Not-so-modern file system errors in modern file systems

On a system in heavy production use, using an underlying file system for metadata service, we see this:

kernel:  EXT4-fs warning: ext4_dx_add_entry:1992: Directory index full!

Ok, where does this come from?

Ext3 had a limit of 32000 directory entries per directory, unless you turned on the dir_index feature.

Ext4 theoretically has no limit. Well, its 64000 if you don’t use dir_index. Which we do use. Really the feature you want is dir_nlink.

  -O [^]feature[,...]
              Set or clear the indicated filesystem features (options) in  the
              filesystem.   More than one filesystem feature can be cleared or
              set by separating features  with  commas.   Filesystem  features
              prefixed  with  a  caret  character ('^') will be cleared in the
              filesystem\'s superblock; filesystem features  without  a  prefix
              character  or prefixed with a plus character ('+') will be added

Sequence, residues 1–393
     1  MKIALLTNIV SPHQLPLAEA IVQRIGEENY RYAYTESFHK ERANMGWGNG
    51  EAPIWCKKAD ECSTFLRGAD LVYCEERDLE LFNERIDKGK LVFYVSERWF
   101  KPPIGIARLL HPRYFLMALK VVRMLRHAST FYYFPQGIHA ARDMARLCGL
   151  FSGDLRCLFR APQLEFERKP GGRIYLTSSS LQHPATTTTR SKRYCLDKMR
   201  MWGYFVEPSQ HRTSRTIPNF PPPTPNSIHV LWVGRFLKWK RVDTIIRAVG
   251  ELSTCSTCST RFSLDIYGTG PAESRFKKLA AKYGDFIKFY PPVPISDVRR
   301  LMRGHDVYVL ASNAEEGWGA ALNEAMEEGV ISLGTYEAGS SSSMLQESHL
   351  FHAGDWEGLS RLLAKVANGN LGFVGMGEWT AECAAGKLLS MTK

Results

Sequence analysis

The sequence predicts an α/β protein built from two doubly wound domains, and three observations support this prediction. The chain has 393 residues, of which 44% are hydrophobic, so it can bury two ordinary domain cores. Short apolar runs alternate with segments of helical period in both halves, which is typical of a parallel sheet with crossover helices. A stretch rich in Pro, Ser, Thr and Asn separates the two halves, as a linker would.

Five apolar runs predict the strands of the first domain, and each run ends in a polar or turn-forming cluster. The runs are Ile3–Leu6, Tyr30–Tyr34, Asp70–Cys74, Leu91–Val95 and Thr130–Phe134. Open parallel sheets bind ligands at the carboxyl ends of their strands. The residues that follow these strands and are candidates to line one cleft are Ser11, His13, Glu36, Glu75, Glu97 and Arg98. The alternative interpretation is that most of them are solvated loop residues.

to the filesystem.

        The following filesystem features can be set  or  cleared  using

                          Use  hashed  b-trees  to  speed  up lookups in large

                          Allow more than 65000 subdirectories per directory.

So, obviously we have to turn this on, right? Before we do that, a quick tune2fs -l /dev/$dev to see what is currently in place

Filesystem features:      has_journal ext_attr resize_inode dir_index filetype
                          needs_recovery flex_bg sparse_super large_file huge_file 
                          uninit_bg dir_nlink extra_isize

So … its already on? And not working?

Sometimes you gotta say whiskey tango foxtrot.

Yet another reason to use xfs and ditch ext*.

(n.b. our new SIOS v2 images will also let you build/use zfs file systems, by building installing the kernel module needed for this upon demand … so yes, we could use zfs as well)

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